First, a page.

Software Engineering Fundamentals
Engineering in different disciplines varies. Bridge building is not the same as aerospace engineering, and neither is it the same as electrical engineering or chemical engineering, but all of these disciplines share some common ideas. They are all firmly grounded in scientific rationalism and take a pragmatic, empirical approach to making progress.
If we are to achieve our goal of trying to define a collection of long-lasting thoughts, ideas, practices, and behaviors that we could collectively group together under the name software engineering, these ideas must be fairly fundamental to the reality of software development and robust in the face of change.
An Industry of Change?
We talk a lot about change in our industry. We get excited about new technologies and new products, but do these changes really “move the dial” on software development? Many of the changes that exercise us don’t seem to make as much difference as we sometimes seem to think that they will.
My favorite example of this was demonstrated in a lovely conference presentation by “Christin Gorman.”1 In it, Christin demonstrates that when using the then popular open source object relational mapping library Hibernate, it was actually more code to write than the equivalent behavior written in SQL, subjectively at least; the SQL was also easier to understand. Christin goes on to amusingly contrast software development with making cakes. Do you make your cake with a cake mix or choose fresh ingredients and make it from scratch?
Much of the change in our industry is ephemeral and does not improve things. Some, like in the Hibernate example, actually make things worse.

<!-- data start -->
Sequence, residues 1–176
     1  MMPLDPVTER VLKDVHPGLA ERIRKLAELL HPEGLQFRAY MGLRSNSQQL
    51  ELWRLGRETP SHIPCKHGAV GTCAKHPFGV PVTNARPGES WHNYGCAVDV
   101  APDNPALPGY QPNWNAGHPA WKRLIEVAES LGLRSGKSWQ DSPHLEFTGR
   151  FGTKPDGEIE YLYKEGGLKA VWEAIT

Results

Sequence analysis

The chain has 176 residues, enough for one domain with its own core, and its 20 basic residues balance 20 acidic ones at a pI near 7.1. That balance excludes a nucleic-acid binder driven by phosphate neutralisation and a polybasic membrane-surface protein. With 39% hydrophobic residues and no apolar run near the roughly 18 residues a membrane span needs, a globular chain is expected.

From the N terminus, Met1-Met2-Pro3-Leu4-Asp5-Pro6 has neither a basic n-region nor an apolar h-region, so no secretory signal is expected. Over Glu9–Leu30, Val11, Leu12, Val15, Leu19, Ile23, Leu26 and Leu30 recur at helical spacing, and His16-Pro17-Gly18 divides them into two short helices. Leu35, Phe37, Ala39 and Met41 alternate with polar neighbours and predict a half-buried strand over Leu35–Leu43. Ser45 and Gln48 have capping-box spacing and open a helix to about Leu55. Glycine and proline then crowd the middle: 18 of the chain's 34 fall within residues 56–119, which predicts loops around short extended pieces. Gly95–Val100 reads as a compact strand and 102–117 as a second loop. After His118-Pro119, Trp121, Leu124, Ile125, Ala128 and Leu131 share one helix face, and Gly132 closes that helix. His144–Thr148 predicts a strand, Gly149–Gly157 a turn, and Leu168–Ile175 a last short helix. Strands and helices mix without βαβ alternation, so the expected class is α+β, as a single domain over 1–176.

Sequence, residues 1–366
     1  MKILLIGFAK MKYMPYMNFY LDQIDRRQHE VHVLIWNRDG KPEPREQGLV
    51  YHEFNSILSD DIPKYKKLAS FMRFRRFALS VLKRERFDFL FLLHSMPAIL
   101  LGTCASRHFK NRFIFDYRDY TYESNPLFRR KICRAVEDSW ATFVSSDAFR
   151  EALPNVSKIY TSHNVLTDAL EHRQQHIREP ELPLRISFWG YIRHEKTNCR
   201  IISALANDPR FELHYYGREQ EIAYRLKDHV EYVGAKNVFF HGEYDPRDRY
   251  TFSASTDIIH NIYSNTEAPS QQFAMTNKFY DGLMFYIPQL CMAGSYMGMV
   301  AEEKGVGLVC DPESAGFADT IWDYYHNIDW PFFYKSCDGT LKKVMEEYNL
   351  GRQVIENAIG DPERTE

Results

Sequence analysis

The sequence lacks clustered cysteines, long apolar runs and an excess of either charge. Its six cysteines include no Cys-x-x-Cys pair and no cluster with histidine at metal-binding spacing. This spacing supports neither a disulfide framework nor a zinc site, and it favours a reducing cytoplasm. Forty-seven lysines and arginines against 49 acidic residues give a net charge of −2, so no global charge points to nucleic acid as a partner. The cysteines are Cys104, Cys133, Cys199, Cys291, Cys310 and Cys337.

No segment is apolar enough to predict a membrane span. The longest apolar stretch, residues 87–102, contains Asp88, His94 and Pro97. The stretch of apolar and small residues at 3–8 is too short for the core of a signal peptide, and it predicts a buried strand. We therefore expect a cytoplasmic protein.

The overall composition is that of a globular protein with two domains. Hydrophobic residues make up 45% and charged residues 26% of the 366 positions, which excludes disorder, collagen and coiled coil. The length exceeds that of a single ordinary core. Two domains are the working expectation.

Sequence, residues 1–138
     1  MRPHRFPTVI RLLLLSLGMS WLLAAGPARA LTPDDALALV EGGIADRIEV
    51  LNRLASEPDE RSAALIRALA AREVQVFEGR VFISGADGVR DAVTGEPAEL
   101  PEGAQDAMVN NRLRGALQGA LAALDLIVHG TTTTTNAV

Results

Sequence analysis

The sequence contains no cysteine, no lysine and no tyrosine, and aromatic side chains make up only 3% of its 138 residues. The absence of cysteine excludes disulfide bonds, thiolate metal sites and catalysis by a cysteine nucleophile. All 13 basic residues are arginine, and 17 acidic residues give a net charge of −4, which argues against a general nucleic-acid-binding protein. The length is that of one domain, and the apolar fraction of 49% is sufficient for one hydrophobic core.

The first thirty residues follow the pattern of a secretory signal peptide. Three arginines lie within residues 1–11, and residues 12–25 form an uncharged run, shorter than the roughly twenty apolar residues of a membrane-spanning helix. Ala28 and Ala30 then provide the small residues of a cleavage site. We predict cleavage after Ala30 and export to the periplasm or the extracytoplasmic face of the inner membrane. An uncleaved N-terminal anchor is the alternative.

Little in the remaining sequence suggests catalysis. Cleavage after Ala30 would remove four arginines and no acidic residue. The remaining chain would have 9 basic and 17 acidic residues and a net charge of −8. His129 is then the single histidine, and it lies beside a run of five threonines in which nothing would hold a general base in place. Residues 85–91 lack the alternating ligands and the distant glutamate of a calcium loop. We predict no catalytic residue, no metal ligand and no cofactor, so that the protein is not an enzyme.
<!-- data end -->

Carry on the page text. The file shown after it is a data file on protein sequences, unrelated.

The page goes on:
My impression is that our industry struggles to learn and struggles to make progress. This relative lack of advancement has been masked by the incredible progress that has been made in the hardware on which our code runs.
I don’t mean to imply that there has been no progress in software—far from it—but I do believe that the pace of progress is much slower than many of us think. Consider, for a moment, what changes in your career have had a significant impact on the way in which you think about and practice software development. What ideas made a difference to the quality, scale, or complexity of the problems that you can solve?
The list is shorter than we usually assume.
For example, I have employed something like 15 or 20 different programming languages during my professional career. Although I have preferences, only two changes in language have radically changed how I think about software and design.
Those steps were the step from Assembler to C and the step from procedural to OO programming. The individual languages are less important than the programming paradigm to my mind. Those steps represented significant changes in the level of abstraction that I could deal with in writing code. Each represented a step-change in the complexity of the systems that we could build.
When Fred Brooks wrote that there were no order-of-magnitude gains, he missed something. There may not be any 10x gains, but there are certainly 10x losses.
I have seen organizations that were hamstrung by their approach to software development, sometimes by technology, more often by process. I once consulted in a large organization that hadn’t released any software into production for more than five years.
We not only seem to find it difficult to learn new ideas; we seem to find it almost impossible to discard old ideas, however discredited they may have become.